I’ve been seeing a marvelous hypnotherapist/psychotherapist for quite a few months, and by golly, it’s done me a power of good.
Several painful issues from the ancient past were obstructing me, fears and sorrows that kept tripping me over. Glenn Chandler, my fairy godfather (therapist) has been an incisively powerful and protective companion on my journey to slay a few dragons and face a few nasty goblins back there in the abyss of dark shadows and scary monsters.
One of the most important benefits I have received from spending time in the chair was the opportunity to see the future (my future, not THE future) with greater clarity and a more grown up approach to how I want to live and become.
An intense level of anxiety I’ve known in relation to chasing success and worrying about failure and all of that hoo-ha from the paradigm of amassing wealth and personal power etc has lessened. I’ve realised a fundamental truth for me now. I loathe self-promotion.
…I love mystery.
There is an enormous amount of pressure in the world for people to constantly keep up with the Kardashians. That’s not my idea of elegance or class. In fact, it all seems to wind in and around the twittering mess of self aggrandisement and sheer folly that has ‘infested’ world politics and real estate. (Why are buses now sporting enormous images of real estate agents on their flanks? When/how did they become rock stars on tour?)
I know that Tobacco companies, McDonalds and Coca Cola made their motsers investing in advertising. Look where those products took us. I know that social media influencers are driving much of today’s sales traffic (on those buses with real estate agents on tour), I know, too, that all of this trend for big-brass-brands marching along in a spectacular display of wealth and prestige and the insatiable quest for celebrity status is merely just how we operate now. BUT! where’s the mystery? Where’s the magic? Where is the unfathomable moment of grace that sweeps down and illuminates the infinitesimal human mind with an idea… with a desire for discovery, with an inexplicable urge to reach out and try something new, to become something different, experience something unique in the moment?
How did any idea or product ever succeed or flourish before social media and online viral marketing? How on earth were the Beatles discovered without youtube? How did Chanel No 5 get around town without instagram?
In 1967, Guy Debord peered deeply into his theoretical scrying ball and saw us, the walking dead, wandering around drugged by our phones. A brief search, starting at Wikipedia offers a brisk summary of Debord’s theses:-
Degradation of human life
Debord traces the development of a modern society in which authentic social life has been replaced with its representation: “All that once was directly lived has become mere representation.” Debord argues that the history of social life can be understood as “the decline of being into having, and having into merely appearing.” This condition, according to Debord, is the “historical moment at which the commodity completes its colonization of social life.”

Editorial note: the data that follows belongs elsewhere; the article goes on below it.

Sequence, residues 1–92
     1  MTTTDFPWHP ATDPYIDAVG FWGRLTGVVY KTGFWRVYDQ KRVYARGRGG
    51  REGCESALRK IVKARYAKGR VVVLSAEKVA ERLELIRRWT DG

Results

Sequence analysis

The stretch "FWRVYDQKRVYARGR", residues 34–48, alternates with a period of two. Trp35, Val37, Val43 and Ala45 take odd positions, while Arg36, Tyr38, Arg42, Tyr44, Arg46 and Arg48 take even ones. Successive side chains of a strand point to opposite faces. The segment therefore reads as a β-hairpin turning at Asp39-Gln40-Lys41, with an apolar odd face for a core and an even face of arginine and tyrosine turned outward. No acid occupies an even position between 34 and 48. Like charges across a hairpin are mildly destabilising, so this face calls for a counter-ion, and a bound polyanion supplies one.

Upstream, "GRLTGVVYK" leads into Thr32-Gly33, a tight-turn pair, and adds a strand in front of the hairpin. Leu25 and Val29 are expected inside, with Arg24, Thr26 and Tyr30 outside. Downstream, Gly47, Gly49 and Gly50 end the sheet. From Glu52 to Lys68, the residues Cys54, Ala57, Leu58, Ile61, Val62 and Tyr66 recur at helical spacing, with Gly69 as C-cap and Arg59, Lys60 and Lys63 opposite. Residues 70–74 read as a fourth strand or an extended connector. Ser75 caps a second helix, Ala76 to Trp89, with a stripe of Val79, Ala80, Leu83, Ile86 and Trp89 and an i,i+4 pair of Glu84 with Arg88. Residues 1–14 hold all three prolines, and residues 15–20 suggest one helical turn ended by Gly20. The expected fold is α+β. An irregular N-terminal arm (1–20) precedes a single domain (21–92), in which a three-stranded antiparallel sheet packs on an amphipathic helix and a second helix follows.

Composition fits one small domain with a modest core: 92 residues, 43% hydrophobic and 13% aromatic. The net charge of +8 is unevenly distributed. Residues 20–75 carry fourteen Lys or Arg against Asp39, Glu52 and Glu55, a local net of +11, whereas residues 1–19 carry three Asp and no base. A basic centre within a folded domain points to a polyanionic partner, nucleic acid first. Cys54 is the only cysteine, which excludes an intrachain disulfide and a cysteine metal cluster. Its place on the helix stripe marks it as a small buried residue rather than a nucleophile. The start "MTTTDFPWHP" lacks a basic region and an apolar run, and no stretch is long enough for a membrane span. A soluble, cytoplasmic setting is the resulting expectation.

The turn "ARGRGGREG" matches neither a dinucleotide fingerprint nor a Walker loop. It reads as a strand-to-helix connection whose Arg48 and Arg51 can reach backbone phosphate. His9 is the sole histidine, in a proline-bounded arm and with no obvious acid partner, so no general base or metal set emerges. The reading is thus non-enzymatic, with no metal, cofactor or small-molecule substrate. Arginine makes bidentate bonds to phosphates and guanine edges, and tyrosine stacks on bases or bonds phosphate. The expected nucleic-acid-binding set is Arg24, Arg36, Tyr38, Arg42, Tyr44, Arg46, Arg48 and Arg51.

The spectacle is the inverted image of society in which relations between commodities have supplanted relations between people, in which “passive identification with the spectacle supplants genuine activity”. “The spectacle is not a collection of images,” Debord writes, “rather, it is a social relation among people, mediated by images.”
Debord encouraged the use of détournement, “which involves using spectacular images and language to disrupt the flow of the spectacle.”
I cannot help but feel swindled. The philosophical genius of Debord and the artistry of his Situationists movement has outed me. I am ashamed to have fallen so easily into complicit complacency, an accessory to the chicanery of the spectacle. I have colluded with the tentacles of greed.
I remember my youth, hitch-hiking and walking and bussing it to see live music every weekend, all weekend, and even on weeknights at venues all over Sydney. Rock music, folk music, jazz, fusion, international artists, local music heroes and obscure indie artists of the 80s.
I remember home made food stalls and street markets that operated freely and independently of the intense regulatory restrictions and scrutiny of insurance companies and local governance.
I remember playing cricket on the road until dusk with my pals until our mothers screamed out for us to come and eat dinner. Pocket money was 20c a week and it filled me with joyful choices – to buy new texta pens for drawing, or 2 ice creams. I never knew about anything branded by designers. We shopped at Waltons for our school uniforms and Franklins for our shampoo.
My father taught me a song when I was 3 years old.
Double six one, three five one four…
is the number of our phone
Double six one, three five one four
But only if we’re home.
I still remember that phone number 53 years later, because it had meaning and connected me to my home.
I’ve loved connecting with beautiful people from all over the world, and I have truly enjoyed some fantastic talks along the way. It’s those magical connections I yearned for. I’ll continue to post articles on my blog, which automatically post on my facebook. But as for promotion and palaver, I reckon it’s time to let the art speak for itself.